Turnaround Project Planning Primer

Communication, Feedback, Morale


Management cannot function without information. For the information to be useful, it must be:

  • Reliable
  • Timely
  • Complete
  • Easily and completely understood

If the information is not reliable (objective), the confidence level will decrease and affect all other information as well.

If the information is not timely, then any decisions will be made too late, or not made at all, with a potential adverse effect on time and/or cost.

If the information is not complete, the wrong decisions could result.

If the information is not easy to understand (due to complicated form or layout, too much information clutter or incomplete data), then it may lead to erroneous decision-making, or to delay a decision pending the need to obtain clarification of the data.

The information flow within an organization must be established in such a way that it will not break down (become interrupted) or slow down. Any obstacles must be removed to ensure that the information will be available as quickly as possible, and clearly and as complete as possible.


Feedback is a term that denotes an exchange of information. For example, a schedule is issued to repair a heat exchanger. Feedback consists of reporting the status of the work on the scheduled heat exchanger at the end of the shift. If feedback is not present, then the communication process breaks down resulting in the inability to make the right decisions as might be required.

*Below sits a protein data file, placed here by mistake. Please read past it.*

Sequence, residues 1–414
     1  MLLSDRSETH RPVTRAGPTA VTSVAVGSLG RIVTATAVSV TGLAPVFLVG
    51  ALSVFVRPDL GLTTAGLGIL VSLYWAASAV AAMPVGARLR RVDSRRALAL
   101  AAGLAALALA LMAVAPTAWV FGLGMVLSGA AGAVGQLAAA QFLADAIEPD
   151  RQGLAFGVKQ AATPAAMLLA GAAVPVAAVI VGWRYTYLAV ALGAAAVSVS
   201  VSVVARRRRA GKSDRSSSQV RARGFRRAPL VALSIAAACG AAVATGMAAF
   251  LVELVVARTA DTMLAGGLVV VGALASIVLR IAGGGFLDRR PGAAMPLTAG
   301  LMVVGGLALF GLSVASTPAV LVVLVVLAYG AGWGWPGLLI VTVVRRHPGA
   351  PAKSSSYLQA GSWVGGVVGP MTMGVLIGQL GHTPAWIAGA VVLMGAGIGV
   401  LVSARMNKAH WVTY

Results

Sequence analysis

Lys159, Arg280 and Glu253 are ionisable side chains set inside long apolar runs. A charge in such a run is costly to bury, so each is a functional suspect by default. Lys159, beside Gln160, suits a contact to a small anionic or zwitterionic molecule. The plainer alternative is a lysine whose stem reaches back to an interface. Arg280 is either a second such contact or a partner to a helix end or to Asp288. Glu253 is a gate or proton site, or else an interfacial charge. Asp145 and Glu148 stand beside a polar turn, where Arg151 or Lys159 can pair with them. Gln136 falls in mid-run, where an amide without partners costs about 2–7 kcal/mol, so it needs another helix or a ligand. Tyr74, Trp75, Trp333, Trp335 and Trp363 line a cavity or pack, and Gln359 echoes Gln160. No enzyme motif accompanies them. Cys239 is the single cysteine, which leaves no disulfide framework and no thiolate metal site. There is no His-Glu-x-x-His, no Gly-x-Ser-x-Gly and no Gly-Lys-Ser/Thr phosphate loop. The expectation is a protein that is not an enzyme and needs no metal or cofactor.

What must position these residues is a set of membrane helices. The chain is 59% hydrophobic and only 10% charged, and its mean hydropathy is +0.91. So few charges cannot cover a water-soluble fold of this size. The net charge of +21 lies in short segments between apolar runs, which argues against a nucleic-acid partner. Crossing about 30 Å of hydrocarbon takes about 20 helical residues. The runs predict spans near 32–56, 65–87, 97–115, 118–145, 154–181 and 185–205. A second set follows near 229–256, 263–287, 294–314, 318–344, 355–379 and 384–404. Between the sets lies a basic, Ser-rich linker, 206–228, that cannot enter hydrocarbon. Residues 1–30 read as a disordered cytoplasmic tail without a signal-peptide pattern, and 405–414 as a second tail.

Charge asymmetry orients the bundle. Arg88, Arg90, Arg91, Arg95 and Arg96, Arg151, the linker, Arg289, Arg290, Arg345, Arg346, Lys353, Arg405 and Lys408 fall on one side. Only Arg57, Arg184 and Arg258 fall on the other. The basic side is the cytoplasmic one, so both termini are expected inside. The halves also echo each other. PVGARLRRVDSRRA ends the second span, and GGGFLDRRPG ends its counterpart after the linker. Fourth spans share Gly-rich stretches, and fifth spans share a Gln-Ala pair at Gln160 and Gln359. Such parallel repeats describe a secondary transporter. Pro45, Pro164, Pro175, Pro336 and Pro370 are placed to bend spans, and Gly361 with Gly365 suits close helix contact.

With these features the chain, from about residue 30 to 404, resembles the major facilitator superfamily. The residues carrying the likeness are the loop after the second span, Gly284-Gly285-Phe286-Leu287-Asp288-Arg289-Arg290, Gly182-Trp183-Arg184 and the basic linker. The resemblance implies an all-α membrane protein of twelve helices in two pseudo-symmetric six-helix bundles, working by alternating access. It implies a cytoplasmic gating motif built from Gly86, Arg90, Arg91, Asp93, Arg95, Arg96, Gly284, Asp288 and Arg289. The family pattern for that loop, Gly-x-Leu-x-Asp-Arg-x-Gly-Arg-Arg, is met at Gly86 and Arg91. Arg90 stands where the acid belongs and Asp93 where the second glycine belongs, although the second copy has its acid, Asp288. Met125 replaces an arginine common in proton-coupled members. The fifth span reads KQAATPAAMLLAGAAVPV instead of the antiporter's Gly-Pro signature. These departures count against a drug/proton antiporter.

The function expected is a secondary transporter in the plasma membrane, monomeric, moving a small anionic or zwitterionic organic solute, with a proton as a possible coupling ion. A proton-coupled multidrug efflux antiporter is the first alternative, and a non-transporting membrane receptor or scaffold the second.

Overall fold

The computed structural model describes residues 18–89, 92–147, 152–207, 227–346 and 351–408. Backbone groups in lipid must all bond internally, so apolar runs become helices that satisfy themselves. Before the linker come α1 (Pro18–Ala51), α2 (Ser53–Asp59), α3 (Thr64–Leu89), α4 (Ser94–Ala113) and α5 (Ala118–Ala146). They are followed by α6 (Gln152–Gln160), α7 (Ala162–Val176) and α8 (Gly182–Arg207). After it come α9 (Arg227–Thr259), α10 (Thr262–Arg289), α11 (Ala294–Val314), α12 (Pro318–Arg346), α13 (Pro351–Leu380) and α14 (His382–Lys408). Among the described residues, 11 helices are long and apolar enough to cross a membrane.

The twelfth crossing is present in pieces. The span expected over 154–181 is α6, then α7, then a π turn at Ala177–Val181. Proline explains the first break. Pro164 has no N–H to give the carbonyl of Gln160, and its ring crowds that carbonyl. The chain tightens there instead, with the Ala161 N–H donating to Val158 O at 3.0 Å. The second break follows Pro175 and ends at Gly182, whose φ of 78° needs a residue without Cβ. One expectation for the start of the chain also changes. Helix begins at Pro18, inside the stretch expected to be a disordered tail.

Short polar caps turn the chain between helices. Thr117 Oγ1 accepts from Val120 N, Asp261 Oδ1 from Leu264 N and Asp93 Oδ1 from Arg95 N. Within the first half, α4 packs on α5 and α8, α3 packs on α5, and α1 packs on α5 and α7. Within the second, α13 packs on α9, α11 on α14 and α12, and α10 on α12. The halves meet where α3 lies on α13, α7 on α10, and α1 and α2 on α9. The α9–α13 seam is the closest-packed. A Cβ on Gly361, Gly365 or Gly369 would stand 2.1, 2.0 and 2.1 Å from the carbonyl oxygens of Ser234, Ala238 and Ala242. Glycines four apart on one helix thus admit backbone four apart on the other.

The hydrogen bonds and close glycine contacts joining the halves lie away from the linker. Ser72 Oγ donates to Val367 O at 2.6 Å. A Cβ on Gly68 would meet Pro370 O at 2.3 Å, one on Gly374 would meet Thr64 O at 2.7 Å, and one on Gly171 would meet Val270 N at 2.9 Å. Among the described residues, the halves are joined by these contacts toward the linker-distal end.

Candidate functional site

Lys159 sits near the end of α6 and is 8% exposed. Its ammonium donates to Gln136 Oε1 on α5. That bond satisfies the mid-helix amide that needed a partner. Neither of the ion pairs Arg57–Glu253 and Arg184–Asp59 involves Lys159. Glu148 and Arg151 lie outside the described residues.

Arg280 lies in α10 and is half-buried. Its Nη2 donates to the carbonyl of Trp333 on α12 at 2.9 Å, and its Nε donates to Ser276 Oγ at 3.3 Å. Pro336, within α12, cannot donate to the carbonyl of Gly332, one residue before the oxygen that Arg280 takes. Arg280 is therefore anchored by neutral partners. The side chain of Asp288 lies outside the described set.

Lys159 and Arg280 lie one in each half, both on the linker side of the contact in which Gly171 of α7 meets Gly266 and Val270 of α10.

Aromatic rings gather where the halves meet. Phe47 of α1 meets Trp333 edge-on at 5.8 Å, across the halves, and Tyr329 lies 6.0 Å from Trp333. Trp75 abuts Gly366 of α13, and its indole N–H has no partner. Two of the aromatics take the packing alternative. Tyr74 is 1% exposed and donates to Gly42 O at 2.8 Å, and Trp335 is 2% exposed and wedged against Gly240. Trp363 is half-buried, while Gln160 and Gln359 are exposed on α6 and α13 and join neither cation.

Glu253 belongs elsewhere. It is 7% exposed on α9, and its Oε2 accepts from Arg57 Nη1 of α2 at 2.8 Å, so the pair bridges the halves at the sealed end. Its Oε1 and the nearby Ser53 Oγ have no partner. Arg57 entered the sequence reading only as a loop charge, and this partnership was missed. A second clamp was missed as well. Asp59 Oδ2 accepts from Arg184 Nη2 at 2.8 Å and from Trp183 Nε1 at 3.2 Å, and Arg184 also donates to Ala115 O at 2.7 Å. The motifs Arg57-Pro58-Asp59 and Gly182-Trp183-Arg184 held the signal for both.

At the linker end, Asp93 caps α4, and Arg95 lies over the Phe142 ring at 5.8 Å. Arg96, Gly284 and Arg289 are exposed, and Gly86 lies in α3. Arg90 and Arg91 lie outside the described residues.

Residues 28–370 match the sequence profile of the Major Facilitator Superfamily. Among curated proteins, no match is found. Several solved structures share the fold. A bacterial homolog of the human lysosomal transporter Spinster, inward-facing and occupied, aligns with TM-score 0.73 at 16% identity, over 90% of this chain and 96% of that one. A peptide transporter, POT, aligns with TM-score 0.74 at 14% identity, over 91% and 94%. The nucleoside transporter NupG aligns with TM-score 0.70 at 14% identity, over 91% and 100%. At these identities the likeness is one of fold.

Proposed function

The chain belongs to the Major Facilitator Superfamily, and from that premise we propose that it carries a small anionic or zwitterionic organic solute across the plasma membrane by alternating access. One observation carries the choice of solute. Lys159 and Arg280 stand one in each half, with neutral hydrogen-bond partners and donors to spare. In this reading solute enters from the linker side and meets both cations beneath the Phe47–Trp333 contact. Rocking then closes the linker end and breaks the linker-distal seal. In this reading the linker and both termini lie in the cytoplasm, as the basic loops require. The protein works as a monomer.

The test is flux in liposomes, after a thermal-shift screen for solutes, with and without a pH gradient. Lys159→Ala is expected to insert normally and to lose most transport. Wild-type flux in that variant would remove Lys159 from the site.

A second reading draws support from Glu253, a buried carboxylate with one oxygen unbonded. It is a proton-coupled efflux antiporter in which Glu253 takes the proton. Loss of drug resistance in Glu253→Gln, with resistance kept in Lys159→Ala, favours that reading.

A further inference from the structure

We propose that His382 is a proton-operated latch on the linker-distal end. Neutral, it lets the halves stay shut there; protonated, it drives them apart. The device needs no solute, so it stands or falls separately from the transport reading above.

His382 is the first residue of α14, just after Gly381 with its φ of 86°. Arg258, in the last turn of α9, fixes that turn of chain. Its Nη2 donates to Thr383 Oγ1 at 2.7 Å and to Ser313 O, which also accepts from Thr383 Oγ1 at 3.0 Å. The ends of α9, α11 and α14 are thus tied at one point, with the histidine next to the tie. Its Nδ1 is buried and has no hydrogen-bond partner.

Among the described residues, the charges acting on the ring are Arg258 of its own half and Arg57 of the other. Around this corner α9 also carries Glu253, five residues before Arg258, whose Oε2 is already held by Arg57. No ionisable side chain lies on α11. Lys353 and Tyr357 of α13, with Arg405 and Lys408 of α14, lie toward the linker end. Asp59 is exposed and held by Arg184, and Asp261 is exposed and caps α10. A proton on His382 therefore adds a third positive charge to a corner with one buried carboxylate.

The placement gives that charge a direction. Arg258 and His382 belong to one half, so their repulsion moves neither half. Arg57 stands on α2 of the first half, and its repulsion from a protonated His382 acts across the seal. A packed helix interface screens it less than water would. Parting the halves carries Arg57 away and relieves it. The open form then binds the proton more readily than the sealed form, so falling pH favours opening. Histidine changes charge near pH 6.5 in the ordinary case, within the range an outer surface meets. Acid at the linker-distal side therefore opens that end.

The information flow and feedback must be established beforehand and not changed during the turnaround. This establishes a routine which will help towards achieving timeliness in all communication.


Morale provides the spark that makes the difference between poor productivity and top performance. Morale is best achieved when the instructions (work orders, schedules, technical information, etc.) are clear, organized and timely. Good organization instills a high degree of confidence and builds morale, because a well organized management system removes the element of surprise, improvisation, uncertainty and possible retribution for failure to act. A well organized management systems improves the chances for all participants to be successful in their tasks.

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The Turnaround Project Management Primer is an abridged version of the STO Management Handbook.

For further reading, we also recommend Joel Levitt’s Managing Maintenance Shutdowns and Outages.